It's fundamently a pole that's plumb and the tip of it's shadow falls on a flat metal plate (circular bubble level vial on plate).

Dent Meridian Instrument - Dipleidscope

Used to establish the time of meridian passage of the Sun or a star.

Chinese Sun Dial and Compass

Sextant, Aircraft



A-10A Bubble sextant used by Army Air corps Navigator in B25s during WW2



The Sun has been used to find compass directions back as far as recorded history.  There are many way this can be done with a considerable variation in the precision of the resulting "fix".  See also my Sundials web page.

Pilot Balloon Observation (Pibal) Theodolites (mirror web site)

These theodolites are used to track balloons as they rise for learning about the speed and direction of the winds aloft.
These might be a good choice for finding true North since with most designs you look in a horizontal direction and the scope objective points up using a rotary joint.
With a classical transit or theodolite it's almost impossible to look at something at a high angle since the eyepiece goes inside the base of the instrument.


1446574 Nephoscope, Mcadie Alexander, May 19, 1921, 33/284, 356/27, 33/1.00R - to track cloud movements
1743979 Sextant, Lawrence Radfordi (K&E), Feb 12, 1927, 356/146, 356/148, 362/23.1 -
1967541 Balloon theodolite, Schoute Cornelius (Zeiss Carl Fa), Mar 23, 1931, 356/251, 33/274 - classical horizontal viewing port
2651560 Observing apparatus, particularly for observing objects moving in space, Alfred Gerber (Contraves Ag), Jul 5, 1945 -

Stellar Time Keeping

Similar in concept to the Automatic Astro Compass, but instead of tracking a single known star a scanner looks at the star field and figures out either where it is or what time it is.  Was looking for information on the Danjon Astrolabe, but so far have not found any info on how it works.



This was a system operating in the frequency range around 10 to 15 kHz.  Ships at sea could keep track of their position in a "lane" defined by the phase of the signal.  System became obsolete with the deployment of GPS.


Radio Receiving Set AN/TRQ-23

Army field set for getting DF bearings covering the HF, VHF and UHF frequency ranges.  Uses antennas rotating up to 150 RPM and a CRT display.  Will provide a bearing even with a very short transmission.


38 - 55.4 MHz DF Loop Antenna


This is an H.F. radio receiver with a loop and sense vertical antenna system designed to determine the bearing to a station.

Non Directional Beacons

These are located on or near airports and send a carrier and single sideband CW ID in the 200 to 400 kHz range.  Aircraft can tune into the carrier and get an indication of the bearing to the station.


Very similar to the ARN-89.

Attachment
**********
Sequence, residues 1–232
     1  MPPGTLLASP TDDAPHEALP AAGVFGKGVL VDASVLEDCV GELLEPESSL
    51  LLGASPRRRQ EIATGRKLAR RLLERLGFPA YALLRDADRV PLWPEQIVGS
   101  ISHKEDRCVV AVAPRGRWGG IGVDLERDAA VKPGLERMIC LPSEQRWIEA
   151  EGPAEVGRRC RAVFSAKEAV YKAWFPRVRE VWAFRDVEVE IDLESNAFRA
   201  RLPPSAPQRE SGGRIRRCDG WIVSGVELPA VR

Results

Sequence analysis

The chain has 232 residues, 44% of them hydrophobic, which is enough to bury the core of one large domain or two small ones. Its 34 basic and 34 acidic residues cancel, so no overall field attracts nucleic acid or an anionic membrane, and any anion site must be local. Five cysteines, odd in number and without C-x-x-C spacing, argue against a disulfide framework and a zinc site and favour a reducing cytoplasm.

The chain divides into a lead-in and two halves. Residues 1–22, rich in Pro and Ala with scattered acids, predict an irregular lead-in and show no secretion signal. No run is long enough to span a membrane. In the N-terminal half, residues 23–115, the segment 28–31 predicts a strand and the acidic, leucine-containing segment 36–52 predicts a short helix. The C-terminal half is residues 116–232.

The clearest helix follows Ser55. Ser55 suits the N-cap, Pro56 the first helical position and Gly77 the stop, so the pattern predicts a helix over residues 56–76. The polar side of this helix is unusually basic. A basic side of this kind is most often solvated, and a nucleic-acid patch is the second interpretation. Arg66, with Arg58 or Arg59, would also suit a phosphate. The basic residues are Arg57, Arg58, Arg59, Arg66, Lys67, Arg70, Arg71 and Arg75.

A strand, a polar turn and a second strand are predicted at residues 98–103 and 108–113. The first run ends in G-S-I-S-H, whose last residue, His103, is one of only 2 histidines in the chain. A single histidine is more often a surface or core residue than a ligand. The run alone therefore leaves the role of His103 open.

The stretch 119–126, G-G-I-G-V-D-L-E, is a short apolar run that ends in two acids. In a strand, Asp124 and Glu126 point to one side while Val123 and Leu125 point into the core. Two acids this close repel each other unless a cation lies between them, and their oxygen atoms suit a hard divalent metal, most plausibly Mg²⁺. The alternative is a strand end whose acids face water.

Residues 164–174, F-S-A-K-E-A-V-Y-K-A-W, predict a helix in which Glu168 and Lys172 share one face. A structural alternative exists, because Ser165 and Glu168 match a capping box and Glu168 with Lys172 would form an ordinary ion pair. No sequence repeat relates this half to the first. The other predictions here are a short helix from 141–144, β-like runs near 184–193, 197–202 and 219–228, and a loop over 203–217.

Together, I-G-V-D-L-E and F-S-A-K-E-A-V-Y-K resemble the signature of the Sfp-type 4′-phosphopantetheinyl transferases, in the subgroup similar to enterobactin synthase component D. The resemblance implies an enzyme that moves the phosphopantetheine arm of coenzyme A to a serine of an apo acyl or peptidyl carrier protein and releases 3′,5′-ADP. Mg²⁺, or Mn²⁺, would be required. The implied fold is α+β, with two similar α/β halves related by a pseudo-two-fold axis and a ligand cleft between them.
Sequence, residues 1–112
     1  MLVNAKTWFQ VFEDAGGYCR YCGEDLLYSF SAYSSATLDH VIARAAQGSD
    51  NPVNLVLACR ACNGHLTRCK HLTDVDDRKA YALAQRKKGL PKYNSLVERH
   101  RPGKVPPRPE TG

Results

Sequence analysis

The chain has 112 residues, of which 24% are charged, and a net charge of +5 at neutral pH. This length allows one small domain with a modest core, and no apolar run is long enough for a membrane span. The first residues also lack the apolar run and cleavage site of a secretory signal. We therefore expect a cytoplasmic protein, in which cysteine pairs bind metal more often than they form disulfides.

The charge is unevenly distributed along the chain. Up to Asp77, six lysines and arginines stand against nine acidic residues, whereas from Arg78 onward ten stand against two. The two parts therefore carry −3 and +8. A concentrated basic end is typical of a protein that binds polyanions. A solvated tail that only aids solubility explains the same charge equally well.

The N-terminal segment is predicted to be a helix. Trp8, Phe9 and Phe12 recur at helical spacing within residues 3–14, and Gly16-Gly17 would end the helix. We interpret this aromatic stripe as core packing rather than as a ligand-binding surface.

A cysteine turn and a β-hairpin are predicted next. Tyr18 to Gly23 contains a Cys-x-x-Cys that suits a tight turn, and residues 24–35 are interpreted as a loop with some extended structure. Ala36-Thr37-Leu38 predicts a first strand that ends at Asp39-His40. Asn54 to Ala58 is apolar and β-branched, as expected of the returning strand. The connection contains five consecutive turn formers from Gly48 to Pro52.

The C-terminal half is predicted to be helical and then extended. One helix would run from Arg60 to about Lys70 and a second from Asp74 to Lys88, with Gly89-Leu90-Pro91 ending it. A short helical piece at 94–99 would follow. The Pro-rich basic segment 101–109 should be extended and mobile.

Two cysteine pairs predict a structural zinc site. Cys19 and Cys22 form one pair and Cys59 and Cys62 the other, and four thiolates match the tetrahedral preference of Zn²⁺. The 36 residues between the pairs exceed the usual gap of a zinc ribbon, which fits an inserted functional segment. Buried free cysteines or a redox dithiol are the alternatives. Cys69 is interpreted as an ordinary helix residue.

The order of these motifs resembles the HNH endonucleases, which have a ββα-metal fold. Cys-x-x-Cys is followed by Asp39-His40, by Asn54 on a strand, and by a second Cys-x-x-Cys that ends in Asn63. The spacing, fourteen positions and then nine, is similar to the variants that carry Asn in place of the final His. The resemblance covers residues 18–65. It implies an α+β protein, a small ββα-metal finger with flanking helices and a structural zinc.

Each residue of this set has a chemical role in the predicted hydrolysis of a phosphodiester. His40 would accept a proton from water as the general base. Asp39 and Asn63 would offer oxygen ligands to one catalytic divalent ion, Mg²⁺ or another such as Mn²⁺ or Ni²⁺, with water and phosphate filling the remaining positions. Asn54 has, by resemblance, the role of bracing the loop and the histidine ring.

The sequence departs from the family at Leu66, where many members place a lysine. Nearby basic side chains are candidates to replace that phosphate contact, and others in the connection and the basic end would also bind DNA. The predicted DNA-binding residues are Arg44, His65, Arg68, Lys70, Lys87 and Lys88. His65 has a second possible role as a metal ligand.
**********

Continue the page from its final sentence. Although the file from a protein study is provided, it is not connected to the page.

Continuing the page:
ARM-93 Test set.
LF Automatic Radio Direction Finder Set; manufactured by Collins; used in A-37, C-2, UH-1, AH-1T, VH-3A, OH-6, P-3, S-3, OV-10, U-8F, U-21A


Vietnam era helicopter 100 to 3,000 kHz frequency coverage direction finding receiver. can use NDB, AM broadcast stations or other signals in this requency range.

Light Weight Beacon

Viet Nam era. Transmits a programmable ID on a frequency in the 265 to 535 kHz range and includes a 50 foot antenna with no part longer than 19 inches.  The complete system is in one back pack.  Most likley made for use with the ARN-89.


The post W.W.II Loran-A system operated around 1.8 MHz was replaced with the Loran-C system operating with pulsed signals on 100 kHz.  Maybe Loran-B was an idea that never was made operational?  There are a number of "chains" consisting of 3 to 5 stations with all the stations in a chain using the same Group Repetition Interval (GRI).   If a scope is triggered from a GRI generator the stations is that chain will appear as pulses with different fixed times on the horizontal axis while the pulses from stations using other GRI values will be jumping around.  Until GPS this was the most accurate system for positioning and for time transfer. 
2005 - It looks like Loran-C will be used for aviation safety providing a redundant system to support automatic landings.  Other systems like the Russian or European equivalent to GPS are not good candidates because a jammer for GPS would also take them out.

The U.S. LORAN-C system was shut down on 08 Feb 2010.
March 2012 - there is some LORAN-C acitivity in a test phase for an alternate to GPS for critical timing applications.

Table of Loarn-C Chain Stations -

Loran Patents 

Micrologic SportNav with MGRS

This hand held unit was for use in the Operation Desert Storm/Shield area by the U.S. military.


This is designed to attach to either a PRC-25 or PRC-77 back pack VHF low band transmitter receiver and report position via radio.  Also receives Loran-D which must be a temporary system that the military could put in place.
Austron 2100F LORAN-C Frequency Monitor - for precise Frequency
Austron 2100T LORAN-C Timing Receiver - for precise time
Austron 2042 LORAN-C Simulator -
Lorchron LORAN-C Timing Receiver LFT-504 - for precise timing
TI 9100 Aircraft Receiver


When Sputnik was launched in 1962 the Doppler signal was used by scientists at Princeton to determine the orbital parameters of the satellite.  They quickly realized that if a satellite was to transmit its orbital parameters then a person on the Earth could determine their position.  This was the basis for the Transit Satellite Navigation System. 


There were only a small number of satellites transmitting on 150 and 400 MHz.  A submarine whose inertial navigation system had drifted could receive the Transit pass which took maybe 15 to 30 minutes and then update their inertial system.  This system required a very high quality = expensive (atomic) clock.  When the GPS system was being developed one of the parameters was to eliminate the need for an expensive clock.